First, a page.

According to the The New York Times Magazine, 1 in 5 people in their 20s and early 30s find themselves living with their parents. Photographer Damon Casarez contextualizes the struggle for independence in his series Boomerang Kids. Shot in 8 states and over 14 cities, the work is a revealing and compassionate story of Millennials in the United States. A recent graduate with an excessive amount of student loan debt himself, Casarez moved back in with his parents and was inspired to connect with others in his same situation. The perfect storm of economic crises places many young people in a surreal limbo of re-adolescence, the metamorphasis from teenager to independent adult no longer a straight line.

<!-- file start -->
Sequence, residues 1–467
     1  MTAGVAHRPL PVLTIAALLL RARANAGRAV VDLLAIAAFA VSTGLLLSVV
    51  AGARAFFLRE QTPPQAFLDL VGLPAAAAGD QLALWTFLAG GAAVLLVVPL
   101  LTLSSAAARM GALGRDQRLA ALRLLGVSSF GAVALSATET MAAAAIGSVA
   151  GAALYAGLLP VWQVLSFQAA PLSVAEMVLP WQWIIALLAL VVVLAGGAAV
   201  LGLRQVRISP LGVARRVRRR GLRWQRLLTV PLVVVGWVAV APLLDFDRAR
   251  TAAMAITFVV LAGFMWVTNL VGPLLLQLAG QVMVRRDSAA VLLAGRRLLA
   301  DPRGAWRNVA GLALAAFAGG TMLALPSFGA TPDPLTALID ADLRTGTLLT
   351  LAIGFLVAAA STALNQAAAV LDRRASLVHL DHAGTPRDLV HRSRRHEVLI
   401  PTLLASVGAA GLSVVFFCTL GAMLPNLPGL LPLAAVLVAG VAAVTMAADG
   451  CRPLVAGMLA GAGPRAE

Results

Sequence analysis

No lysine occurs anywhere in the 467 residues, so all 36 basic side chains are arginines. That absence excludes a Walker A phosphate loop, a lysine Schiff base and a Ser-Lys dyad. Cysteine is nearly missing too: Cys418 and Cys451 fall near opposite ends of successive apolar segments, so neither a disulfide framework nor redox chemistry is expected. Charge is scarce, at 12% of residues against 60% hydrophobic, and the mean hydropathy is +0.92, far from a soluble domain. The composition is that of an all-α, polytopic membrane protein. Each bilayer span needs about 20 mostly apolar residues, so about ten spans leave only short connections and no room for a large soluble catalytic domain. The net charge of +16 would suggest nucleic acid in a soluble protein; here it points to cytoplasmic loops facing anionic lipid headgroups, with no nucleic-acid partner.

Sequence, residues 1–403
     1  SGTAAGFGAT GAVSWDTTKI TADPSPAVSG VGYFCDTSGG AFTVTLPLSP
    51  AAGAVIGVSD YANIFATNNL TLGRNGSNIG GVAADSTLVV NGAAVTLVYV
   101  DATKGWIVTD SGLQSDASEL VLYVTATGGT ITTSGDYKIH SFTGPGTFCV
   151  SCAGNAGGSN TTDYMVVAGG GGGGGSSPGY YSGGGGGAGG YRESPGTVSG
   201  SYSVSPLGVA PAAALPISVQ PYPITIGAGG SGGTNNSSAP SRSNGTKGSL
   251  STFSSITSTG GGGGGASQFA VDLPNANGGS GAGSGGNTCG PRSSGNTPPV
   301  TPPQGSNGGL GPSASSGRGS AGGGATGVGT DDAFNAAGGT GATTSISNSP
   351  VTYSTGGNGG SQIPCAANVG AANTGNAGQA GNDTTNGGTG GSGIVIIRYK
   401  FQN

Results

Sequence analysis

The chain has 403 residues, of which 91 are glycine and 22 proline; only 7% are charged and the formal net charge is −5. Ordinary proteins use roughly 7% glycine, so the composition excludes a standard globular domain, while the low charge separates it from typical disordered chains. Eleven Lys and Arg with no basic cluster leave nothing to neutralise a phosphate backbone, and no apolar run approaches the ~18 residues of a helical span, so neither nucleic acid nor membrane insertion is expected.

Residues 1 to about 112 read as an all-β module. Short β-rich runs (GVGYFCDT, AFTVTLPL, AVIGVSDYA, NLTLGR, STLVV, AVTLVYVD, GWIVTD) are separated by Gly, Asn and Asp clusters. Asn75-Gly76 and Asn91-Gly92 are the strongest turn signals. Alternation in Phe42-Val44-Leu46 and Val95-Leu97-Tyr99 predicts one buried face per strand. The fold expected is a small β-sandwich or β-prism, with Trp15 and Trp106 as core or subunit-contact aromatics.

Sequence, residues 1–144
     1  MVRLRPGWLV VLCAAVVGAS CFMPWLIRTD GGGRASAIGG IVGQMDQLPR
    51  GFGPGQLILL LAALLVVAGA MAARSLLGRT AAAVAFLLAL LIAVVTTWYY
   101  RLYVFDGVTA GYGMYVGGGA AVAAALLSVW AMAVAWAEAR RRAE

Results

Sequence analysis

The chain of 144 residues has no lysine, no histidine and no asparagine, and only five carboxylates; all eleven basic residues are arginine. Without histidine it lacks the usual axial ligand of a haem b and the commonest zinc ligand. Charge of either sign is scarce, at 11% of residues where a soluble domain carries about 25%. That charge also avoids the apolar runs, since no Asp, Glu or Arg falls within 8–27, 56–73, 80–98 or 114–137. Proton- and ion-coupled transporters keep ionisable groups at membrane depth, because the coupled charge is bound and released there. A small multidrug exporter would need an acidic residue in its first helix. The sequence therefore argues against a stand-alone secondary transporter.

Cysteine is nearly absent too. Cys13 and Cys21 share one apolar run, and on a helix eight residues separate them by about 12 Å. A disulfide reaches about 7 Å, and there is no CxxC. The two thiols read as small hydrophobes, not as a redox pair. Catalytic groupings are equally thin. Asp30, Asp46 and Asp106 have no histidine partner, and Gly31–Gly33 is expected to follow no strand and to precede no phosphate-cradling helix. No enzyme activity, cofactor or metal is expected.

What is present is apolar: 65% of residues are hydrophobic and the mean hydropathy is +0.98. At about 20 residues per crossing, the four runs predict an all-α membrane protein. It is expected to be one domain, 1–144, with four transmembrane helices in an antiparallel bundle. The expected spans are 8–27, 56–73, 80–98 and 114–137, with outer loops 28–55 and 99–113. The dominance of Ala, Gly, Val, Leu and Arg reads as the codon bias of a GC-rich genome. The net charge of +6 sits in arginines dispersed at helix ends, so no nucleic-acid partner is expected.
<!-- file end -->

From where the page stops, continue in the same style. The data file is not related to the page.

The desired goals and hope of a bright future are frequently in direct contrast to the harsh reality that surrounds graduates. Should one be embarrassed about moving in with their parents again? Is the decision a wise financial choice or simply delaying the inevitable of getting out on their own? With college tuition and debt burden skyrocketing, a competitive market, and an economy full of part-time jobs, questioning what you want feels a luxury. Even those who do manage to obtain a “starter” white collar job are barely able to make ends meet, the higher paying wages possibly never an option in the current climate. With uncertainty and challenge at every turn, there is a surprising endurance to Casarez’s home-bound heros.